Last pictures of my Fagus sylvatica Yamadori 5 trunk raft.

The still pre-Bonsai of this story was in 2012 collected by me and my dear Slovenian friends in the mountains of Slovenia. It was growing underneath a low hanging branch of a very old and massive Beech. The leg of sunlight and the constant defoliation of the foliage and the young branches by deer and other grassers kept it this small! I can only guess how old it is?! During this past decade, I worked to get it to bud back lower on the trunk and branches to make it more compact and tree-like! It needs a nice shallow pot or even better: a slab and a few more years of fun work to get it to show worthy! But that now lies in the hands of my Bonsai friend Diederick who is buying it from me to at it to his own amazing Bonsai collection!

Above: Impressive close up of the massive fust inner section of the raft!

Above: 5 trunk raft ( Ikadabuki). Hight: 70cm / 27,5 Inch. Wide: 110cm / 43,5 Inch.

Hope you enjoyed this little story?!


Hans van Meer.

Some better pictures of my favourite Prunus mahaleb.

My earlier post about my favourite Prunus was so well-read that I thought she and the readers of my blog deserve better and sharper pictures! So when yesterday the sun finally broke through the clouds I shot a few dozens of pictures with my (real) camera by hand! I hope you all will enjoy them.
Hans van Meer.

Above: The deadwood of this young top section neats more work and ageing, but that’s for later! I will start work on it early next growing season in the warm sun! Around that same time, I will start the ageing project on that still jong looking bark…I have a cunning plan to help that on the way…mmwwaaahhahaha!

Above: Close up of the natural deadwood! Besides being photographed and worked on here in my makeshift photo studio, she is also sheltered from the rain! So that all the deadwood can become dry! Then I can impregnate it to protect it from rotting away! The still too young bark on the upwards stump needs some more ageing of course! But who cares?! I am pretty happy so far with the fast progress of this tree…this little tree makes me happy!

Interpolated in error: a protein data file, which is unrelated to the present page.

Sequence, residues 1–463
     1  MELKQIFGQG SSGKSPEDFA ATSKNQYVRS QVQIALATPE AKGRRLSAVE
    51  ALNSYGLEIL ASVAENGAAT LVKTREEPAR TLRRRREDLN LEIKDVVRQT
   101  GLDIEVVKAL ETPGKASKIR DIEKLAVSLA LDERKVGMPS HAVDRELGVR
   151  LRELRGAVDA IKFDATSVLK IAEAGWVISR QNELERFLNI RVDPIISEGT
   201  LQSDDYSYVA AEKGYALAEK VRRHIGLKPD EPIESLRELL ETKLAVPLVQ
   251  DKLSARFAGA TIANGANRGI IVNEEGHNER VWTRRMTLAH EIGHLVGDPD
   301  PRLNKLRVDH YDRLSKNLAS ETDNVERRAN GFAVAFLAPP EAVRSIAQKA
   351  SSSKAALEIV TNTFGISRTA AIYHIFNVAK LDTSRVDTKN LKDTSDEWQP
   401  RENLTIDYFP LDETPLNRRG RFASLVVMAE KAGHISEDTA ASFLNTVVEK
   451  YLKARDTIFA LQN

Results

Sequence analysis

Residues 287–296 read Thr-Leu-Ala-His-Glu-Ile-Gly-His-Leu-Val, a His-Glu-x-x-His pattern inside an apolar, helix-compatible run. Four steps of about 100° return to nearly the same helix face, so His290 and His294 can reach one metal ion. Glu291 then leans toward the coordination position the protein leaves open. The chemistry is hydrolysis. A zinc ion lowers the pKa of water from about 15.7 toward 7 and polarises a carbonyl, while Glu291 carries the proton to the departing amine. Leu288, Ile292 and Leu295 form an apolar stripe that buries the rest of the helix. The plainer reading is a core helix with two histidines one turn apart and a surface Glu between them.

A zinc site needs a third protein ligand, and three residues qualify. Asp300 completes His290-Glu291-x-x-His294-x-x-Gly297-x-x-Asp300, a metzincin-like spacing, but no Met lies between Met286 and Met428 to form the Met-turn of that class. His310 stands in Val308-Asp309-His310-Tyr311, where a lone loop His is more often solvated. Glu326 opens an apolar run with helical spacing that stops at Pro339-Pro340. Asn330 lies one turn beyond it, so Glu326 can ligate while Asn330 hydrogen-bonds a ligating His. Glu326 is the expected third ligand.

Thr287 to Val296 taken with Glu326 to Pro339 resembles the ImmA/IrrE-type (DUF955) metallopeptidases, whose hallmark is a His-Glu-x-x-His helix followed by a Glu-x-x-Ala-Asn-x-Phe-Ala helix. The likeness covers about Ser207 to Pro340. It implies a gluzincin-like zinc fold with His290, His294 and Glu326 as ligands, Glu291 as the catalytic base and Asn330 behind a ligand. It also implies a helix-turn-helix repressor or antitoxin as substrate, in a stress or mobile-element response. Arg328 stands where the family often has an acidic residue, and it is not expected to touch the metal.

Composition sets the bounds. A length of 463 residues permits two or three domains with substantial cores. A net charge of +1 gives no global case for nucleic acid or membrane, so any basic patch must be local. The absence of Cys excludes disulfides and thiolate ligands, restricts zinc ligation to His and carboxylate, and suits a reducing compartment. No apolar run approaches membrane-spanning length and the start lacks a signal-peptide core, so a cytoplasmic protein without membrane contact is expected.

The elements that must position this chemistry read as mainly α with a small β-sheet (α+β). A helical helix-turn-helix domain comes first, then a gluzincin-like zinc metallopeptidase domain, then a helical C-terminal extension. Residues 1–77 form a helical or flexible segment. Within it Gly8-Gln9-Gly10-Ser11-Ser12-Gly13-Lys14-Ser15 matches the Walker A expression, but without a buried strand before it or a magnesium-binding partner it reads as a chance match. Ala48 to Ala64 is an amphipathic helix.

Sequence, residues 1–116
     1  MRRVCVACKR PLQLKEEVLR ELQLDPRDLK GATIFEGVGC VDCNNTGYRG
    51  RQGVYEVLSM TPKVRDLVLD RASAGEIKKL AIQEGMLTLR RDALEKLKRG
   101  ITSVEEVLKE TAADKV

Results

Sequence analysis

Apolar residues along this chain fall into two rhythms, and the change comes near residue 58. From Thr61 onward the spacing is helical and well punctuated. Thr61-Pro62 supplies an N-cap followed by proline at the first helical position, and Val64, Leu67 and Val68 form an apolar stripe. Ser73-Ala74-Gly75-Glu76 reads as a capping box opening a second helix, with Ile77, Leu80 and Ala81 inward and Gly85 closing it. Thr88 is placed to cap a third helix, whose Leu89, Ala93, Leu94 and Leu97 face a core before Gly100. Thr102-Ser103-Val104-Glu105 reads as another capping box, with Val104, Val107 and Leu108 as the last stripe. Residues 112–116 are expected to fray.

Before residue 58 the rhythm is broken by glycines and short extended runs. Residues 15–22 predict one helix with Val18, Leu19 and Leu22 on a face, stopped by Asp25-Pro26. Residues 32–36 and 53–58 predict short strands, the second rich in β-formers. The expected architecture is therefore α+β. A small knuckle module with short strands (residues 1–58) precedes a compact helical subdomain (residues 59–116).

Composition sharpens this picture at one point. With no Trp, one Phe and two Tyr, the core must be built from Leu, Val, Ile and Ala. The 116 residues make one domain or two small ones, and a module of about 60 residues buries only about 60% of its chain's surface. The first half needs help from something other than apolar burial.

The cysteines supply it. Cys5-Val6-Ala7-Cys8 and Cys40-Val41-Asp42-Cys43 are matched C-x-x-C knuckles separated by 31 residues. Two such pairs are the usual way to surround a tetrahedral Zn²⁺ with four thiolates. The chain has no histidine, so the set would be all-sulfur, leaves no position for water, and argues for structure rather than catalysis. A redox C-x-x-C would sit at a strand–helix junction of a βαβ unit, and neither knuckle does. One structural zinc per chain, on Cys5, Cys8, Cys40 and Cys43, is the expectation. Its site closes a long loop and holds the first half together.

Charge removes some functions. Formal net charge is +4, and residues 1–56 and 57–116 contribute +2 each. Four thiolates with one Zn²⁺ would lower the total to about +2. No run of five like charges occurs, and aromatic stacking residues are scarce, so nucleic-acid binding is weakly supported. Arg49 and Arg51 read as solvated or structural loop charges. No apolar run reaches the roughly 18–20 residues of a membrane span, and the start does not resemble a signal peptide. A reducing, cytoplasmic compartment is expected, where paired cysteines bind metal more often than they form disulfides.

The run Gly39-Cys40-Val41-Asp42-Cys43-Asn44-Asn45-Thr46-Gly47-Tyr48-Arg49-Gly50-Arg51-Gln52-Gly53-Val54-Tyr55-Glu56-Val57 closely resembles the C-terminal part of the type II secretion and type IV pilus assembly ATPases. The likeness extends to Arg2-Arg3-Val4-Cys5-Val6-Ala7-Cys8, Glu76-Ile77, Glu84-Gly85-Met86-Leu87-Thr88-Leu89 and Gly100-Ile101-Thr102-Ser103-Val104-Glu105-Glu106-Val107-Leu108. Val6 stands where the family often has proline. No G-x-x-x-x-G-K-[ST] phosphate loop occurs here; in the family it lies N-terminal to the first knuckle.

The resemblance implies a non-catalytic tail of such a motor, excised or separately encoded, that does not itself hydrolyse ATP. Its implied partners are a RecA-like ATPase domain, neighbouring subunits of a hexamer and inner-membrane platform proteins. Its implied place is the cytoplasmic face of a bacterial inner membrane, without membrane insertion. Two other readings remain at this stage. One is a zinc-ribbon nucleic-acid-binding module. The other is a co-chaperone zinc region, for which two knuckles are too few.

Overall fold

Above: The deadwood on the left was worked on some more with a hammer and chisels. The rest was cleaned with tweezers and different brushes until all that was clearly rotten and not saveable was removed. In the top section, some of the living bark on the left side was cut away to break up that straight lifeline between the alive and dead section some more to make it look more natural. Some cut paste was applied to protect the wound!

Above: And there she is (for now) in all her glory! Colouring orange in the setting sun! To prevent further rotting she will spend the next couple of wet and cold months here underneath the shelter of this my makeshift photo studio! During that time I will start further styling the deadwood on that straight section with power tools and hand tools! I will make sure to take pix of that process and post them as soon as possible! Oh, how I wished I had a good pot for this one?! I hope you enjoyed these somewhat better pictures?!
Hans van Meer.

My favourite Years-long project is this Slovenian Prunus mahaleb Yamadori!

because of some physical problems (I spare you the details) I can only work for so long in one go these days! So during the past 2 years or so I had to divide my time over the project that needed it the most! And the (below) Prunus mahaleb Yamadori from Slovenia was and still is one of my absolute favourites to work on!

Below: 31-3-2012. Back in my garden and very late at night! I just got back from my very first solo long weekend road trip to Slovenia where I have been sightseeing and collecting with my new Slovenian friends. But I have to admit that almost all collecting and lifting was done by them for me! These amazing new friends knew of my back problems so they insisted that they would do all the hard work! The straight trunk stump on the right side of my thumb used to be almost 2 meters high and was shortened on the collecting side! The left trunk section with amazing deadwood was years later successfully air layered by me and was years later given to my dear friend Tony Tickle (GB) when he visited us here! He turned it into a rare beautiful flowering Literati Prunus Bonsai with amazing deadwood all over! Note: that there are no mature branches whatsoever on the right side of this tree! And that straight upright stump on the right side sticks out like a sore thumb!

Below: 29-4-2016. 4 years later and all over full with new branches! This was made just before the left Yellow side was air layered! The right Red section is the tree of this story!